Terry's Knicker Plus tight handles the morning commute and then some.


 

 

 

 

 

 

 

 

 

 

The mac daddy training short. Pearl Izumi’s PRO In R Cool short (MSRP $150, XXL fits to 47.5” hip, with just enough stretch to suit our 49” tester) is a technical dream with non-binding waist and leg openings and a UPF 50+ that can cool the body’s surface temperature up to 5%, a significant benefit for plus-size athletes who can be challenged with temperature control.  

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These shorts. The fit of an amazing piece of technical gear, great chamois. Check PI's sizing charts for details.

 

 

 

 

 

 

 

 

 

 

 

 

For racing: a kit to take you to the finish.

The swim/bike/run short.  Danskin’s 7” Tri Short (MSRP $52, to XXL/ 20 ) is long, lean, and worry free with flat seams, a light racing chamois; multi-panel, wicking construction; silicone leg grippers and a small back zip pocket.  A tried and true tri short practically fitting most up to size 22. (available at Danskin.com or REI.com).

 

 

 

 

 

 

 

 

 

 

Nike’s Women’s Shape Sport Top (MSRP $55, 1X-3X) isn’t made for Triathlon – but it serves a purpose for Athenas, works great under your wetsuit and promises to dry quickly.  Sturdy shelf-bra included; but feel free to supplement with your own.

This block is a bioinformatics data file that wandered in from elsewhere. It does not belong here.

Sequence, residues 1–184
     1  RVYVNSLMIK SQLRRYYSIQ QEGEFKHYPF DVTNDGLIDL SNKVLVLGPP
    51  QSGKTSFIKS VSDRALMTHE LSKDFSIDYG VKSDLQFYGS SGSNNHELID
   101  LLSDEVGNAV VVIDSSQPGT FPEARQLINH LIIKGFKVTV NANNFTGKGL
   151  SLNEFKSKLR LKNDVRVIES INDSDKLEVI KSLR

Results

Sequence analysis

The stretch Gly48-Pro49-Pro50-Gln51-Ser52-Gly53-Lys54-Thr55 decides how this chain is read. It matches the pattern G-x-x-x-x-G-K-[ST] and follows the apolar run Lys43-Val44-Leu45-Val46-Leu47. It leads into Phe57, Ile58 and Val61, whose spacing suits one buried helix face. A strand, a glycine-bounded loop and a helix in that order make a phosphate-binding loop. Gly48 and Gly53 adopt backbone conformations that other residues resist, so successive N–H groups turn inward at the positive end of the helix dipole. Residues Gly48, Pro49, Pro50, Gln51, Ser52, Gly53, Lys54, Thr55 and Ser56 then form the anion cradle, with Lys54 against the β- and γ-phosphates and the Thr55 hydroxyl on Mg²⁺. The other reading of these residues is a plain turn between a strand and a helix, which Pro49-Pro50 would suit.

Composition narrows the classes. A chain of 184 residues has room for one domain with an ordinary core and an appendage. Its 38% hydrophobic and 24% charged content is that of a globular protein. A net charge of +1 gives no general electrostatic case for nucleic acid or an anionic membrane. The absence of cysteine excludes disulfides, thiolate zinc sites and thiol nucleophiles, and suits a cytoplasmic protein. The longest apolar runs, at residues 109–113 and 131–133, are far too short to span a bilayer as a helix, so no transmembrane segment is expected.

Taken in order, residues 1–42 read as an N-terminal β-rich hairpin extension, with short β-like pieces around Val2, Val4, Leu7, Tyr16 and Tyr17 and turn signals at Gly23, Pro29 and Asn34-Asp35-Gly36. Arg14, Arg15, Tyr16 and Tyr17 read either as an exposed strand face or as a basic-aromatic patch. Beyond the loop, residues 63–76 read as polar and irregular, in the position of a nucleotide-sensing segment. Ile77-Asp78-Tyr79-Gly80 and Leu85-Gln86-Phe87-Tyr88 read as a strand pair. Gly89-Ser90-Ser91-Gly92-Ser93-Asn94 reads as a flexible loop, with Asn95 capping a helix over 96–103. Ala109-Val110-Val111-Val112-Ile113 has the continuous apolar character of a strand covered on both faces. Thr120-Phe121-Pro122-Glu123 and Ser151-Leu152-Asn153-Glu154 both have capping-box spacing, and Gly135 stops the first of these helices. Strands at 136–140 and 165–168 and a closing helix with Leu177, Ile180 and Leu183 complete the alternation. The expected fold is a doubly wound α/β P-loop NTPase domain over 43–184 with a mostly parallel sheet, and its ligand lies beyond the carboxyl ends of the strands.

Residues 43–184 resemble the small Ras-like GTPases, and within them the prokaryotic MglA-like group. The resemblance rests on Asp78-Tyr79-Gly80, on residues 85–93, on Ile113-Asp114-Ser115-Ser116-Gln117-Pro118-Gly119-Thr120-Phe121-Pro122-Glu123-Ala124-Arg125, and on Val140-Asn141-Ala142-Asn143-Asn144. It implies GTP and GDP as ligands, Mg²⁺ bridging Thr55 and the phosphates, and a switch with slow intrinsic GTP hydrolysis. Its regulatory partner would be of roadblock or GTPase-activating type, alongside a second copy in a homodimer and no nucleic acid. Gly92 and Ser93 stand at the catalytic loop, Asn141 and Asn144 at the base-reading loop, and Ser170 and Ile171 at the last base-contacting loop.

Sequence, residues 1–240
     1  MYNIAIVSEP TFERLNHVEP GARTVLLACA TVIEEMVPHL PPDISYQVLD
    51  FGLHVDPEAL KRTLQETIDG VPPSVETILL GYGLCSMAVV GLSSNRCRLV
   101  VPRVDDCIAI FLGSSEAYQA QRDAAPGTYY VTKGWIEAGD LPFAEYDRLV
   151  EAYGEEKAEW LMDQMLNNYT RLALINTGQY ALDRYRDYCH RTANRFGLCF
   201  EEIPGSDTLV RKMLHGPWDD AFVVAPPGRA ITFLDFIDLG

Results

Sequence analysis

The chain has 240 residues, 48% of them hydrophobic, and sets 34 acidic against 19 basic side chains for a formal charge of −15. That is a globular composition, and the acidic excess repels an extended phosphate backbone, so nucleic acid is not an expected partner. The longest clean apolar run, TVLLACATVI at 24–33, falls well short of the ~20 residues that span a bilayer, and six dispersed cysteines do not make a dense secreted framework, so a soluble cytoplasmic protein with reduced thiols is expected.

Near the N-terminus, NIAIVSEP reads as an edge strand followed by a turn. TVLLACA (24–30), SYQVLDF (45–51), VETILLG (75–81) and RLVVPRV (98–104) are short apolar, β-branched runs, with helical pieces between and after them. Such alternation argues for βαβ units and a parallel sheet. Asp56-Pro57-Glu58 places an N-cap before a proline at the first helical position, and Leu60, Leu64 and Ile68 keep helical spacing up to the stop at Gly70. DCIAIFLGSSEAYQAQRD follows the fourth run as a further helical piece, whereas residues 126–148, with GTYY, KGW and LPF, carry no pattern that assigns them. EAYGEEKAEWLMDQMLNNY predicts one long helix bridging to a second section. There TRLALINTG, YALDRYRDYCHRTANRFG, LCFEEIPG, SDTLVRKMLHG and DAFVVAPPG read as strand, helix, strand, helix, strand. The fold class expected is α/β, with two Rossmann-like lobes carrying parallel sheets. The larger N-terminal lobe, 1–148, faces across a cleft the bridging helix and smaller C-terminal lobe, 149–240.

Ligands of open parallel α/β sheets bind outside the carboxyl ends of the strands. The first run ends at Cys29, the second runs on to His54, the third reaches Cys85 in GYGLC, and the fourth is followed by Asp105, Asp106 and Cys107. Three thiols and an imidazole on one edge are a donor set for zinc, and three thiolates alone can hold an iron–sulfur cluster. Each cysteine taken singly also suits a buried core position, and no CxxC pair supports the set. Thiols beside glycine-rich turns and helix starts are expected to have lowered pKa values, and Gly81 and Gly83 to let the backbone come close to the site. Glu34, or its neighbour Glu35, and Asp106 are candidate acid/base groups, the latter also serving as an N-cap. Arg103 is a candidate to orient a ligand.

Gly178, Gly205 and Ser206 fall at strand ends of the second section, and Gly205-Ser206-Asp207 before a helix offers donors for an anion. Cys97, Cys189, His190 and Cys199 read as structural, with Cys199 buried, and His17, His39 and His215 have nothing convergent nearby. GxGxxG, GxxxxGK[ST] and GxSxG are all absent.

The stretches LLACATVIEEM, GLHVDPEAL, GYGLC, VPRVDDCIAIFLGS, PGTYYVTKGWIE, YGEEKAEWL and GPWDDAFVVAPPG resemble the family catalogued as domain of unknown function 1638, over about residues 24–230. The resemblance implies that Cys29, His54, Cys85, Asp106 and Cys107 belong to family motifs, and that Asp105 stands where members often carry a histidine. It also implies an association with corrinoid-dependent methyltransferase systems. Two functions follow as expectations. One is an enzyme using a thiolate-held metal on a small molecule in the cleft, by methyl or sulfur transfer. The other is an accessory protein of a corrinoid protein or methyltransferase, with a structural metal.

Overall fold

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Luck

There is something that happens when you become a regular runner.  You believe less in luck, and more in training.  Run any half marathon or marathon, and train seriously for it, and you begin to believe that with the right nutrition plan, training plan, pace buddies, shoes, gear, clothing, and attention, you can control how and when you finish that race.

For about 10 years, that’s how it went for me.  If I ran a bad race, it was usually on me – I either hadn’t trained enough, or hadn’t thought through the course.  If I got hurt it was on me.  I didn’t stretch enough, or I didn’t stop when the pain told me to.  In 2009, when plantar fasciitis reared its head while I was intermittently running (and still training), I didn’t listen up and slow down, and I paid in the end, with a two year condition that only recently healed after two bouts of PT and finally, a quick surgery.